Gabriele Castagnola, born in Genoa in 1928, trained at the Accademia Linguistica di Belle Arti. Towards the end of the 1940s, he combined his painting with illustration, working for a number of satirical newspapers of a republican bent, including “La Maga”.
He began exhibiting at the Promotrice in Genoa in 1851 and took part regularly until 1880. From the very beginning he distinguished himself for his romantic style of painting, concentrating on the choice of historical and literary subjects, without forgetting his vast production of genre scenes. In fact, his debut in 1851 corresponded to the presentation of the genre painting The First Pain, while in 1854, again at the Promotrice genovese, some portraits and Little Peasant Girl appeared, and in 1856 the contemporary history subject Return from the Crimea.
This was the first demonstration of his closeness to the demands of the Risorgimento, which continued not only in his painting but also in his graphics. Illustrated panels, lithographs with portraits, historical and news scenes enrich his graphic production, most of which is kept in the Museo del Risorgimento in Genoa and in the Civica Raccolta dei Disegni e delle Stampe in Palazzo Rosso.
History Painting: Interest in the Renaissance and Medieval Revival
It was mainly from the late 1950s onwards that Gabriele Castagnola devoted himself more regularly to the production of historical and literary subjects. His reconstruction Raphael and the Fornarina dates back to the Promotrice of 1858 and in 1859 the medieval subject Aldruda Donati presenting her daughter to Buondelmonte – the origin of the Guelphs and Ghibellines
His painting has a clear, clean colour scheme that fits perfectly into the Romantic tradition, both in terms of the choice of themes, the theatrical setting of the scenes and the evident clarity of composition, which draws on the Romantic tradition of Lombardy and the medieval revival typical of Liguria in the mid-nineteenth century. At the Promotrice in 1860 he exhibited Venus and Castruccio found by Madonna Dianora Castracani and F. Lippi, a Florentine painter who fell in love with Lucrezia Buti and made her escape from the convent in 1862.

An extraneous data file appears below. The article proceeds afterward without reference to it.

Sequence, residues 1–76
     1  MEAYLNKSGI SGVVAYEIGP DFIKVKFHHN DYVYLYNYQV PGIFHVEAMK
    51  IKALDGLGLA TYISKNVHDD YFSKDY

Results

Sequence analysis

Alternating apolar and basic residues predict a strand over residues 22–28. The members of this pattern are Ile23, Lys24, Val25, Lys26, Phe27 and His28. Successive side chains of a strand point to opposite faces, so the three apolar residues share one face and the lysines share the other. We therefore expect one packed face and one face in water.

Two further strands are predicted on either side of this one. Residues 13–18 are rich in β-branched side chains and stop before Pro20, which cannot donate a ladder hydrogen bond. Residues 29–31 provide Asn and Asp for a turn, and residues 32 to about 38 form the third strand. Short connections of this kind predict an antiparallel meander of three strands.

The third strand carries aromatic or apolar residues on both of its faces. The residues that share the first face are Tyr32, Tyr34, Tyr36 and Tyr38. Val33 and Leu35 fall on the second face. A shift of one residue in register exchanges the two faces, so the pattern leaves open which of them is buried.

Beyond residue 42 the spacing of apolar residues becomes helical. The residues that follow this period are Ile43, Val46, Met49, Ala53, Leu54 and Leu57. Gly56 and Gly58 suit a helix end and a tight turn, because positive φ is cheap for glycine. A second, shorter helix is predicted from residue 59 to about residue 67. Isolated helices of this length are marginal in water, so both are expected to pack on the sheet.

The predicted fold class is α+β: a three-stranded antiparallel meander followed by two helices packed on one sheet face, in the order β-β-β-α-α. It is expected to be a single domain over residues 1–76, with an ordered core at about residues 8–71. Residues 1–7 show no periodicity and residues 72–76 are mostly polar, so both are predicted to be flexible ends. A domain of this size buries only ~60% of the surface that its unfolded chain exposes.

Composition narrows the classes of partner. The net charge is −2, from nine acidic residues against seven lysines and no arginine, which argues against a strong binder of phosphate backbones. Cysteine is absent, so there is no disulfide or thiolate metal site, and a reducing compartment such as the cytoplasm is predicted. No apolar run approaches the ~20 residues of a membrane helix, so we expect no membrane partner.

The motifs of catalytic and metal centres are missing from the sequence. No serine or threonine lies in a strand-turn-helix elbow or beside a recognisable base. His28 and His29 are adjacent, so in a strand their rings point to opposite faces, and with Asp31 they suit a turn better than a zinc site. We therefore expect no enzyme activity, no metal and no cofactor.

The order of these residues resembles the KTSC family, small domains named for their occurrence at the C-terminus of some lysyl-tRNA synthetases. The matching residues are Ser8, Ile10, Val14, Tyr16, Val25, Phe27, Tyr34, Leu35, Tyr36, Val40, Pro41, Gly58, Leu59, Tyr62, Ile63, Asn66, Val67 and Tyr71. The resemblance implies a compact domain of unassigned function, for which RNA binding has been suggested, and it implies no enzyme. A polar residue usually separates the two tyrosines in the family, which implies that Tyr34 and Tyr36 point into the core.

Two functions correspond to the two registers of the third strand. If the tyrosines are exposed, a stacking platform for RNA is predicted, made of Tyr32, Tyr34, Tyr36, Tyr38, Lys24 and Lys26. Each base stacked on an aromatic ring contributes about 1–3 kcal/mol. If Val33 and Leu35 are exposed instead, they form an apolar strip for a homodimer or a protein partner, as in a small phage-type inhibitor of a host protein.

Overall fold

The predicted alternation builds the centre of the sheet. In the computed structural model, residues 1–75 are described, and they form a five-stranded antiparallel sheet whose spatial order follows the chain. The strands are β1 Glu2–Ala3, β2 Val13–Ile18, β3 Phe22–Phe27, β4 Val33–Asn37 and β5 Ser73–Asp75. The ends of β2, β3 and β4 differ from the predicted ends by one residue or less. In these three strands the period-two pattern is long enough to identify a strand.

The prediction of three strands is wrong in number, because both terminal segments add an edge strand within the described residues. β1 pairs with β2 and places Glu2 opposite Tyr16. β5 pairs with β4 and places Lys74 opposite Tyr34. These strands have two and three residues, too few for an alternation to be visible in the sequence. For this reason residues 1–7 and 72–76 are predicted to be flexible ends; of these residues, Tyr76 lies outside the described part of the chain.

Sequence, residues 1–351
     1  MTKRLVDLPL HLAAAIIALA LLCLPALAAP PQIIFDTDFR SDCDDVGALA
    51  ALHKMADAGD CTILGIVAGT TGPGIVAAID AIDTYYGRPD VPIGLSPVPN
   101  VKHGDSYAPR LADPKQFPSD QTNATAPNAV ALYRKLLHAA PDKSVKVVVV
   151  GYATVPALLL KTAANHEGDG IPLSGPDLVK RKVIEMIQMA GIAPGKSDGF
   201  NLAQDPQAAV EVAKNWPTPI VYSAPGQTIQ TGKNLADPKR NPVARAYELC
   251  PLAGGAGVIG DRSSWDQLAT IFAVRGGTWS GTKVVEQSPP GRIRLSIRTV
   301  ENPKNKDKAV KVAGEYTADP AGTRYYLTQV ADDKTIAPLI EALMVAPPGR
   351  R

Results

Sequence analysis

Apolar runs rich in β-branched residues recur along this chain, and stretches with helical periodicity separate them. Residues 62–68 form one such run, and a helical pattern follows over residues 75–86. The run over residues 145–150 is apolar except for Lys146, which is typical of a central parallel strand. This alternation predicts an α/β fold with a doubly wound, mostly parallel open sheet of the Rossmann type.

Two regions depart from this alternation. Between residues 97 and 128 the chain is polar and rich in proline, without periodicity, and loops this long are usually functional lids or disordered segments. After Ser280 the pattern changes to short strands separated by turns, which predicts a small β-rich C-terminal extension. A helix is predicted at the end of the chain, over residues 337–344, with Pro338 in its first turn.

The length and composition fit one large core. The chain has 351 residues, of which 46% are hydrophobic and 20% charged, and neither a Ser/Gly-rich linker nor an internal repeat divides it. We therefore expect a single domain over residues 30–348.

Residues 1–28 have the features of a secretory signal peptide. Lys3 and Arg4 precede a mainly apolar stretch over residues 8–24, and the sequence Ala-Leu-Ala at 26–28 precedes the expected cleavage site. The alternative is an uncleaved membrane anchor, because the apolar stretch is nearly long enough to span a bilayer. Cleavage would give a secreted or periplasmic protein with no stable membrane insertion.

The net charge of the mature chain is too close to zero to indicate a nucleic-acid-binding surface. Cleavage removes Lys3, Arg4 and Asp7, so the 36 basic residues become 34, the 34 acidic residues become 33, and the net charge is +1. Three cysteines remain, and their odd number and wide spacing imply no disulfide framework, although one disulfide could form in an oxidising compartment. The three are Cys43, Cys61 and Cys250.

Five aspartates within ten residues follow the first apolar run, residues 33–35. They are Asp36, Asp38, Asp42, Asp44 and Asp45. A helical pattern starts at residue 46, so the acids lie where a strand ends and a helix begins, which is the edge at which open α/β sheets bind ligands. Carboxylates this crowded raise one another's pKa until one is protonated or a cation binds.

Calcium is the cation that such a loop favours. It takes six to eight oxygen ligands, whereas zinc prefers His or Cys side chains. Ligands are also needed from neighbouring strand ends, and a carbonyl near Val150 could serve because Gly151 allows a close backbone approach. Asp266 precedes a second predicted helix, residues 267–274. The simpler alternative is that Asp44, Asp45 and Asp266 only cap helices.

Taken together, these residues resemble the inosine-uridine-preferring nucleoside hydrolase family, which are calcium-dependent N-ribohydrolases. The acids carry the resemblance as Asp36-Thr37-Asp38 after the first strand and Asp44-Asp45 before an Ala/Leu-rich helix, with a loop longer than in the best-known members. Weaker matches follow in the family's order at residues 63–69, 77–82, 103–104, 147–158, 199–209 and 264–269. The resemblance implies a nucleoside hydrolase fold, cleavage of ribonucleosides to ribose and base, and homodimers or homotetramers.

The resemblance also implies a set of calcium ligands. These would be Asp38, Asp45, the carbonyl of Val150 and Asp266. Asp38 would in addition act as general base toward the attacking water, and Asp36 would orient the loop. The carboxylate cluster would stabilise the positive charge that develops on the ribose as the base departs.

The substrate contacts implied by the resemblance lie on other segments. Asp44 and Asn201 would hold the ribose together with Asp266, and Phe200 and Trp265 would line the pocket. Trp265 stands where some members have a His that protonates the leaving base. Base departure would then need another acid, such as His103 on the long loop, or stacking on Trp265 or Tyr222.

The move to Florence: a looser chromaticism
During these years, he travelled extensively between Tuscany, Rome and Naples, before settling definitively in Florence, a city where he felt the strong influence of macchia painting. Although he did not abandon the theme of history, he gradually abandoned his chromatic and drawing purism, moving towards a more relaxed colouring inspired by reality, particularly through his attention to variations in light, as can be seen in the emotional Bianca Capello and the scene The aim of Alessandro de’ Medici, presented in 1865 in Genoa.
In the mid-1860s, genre subjects made their reappearance, including I hear his footsteps, He loves me not, The idle hours, A flower and The return from search, always accompanied by reconstruction paintings, such as Petrarch begging the painter Memmi to portray Madonna Laura. He exhibited for the last time in 1880 in Genoa, presenting a Portrait with a loose chromaticism and a marked realism. Active until the end, Gabriele Castagnola died in Florence in 1883.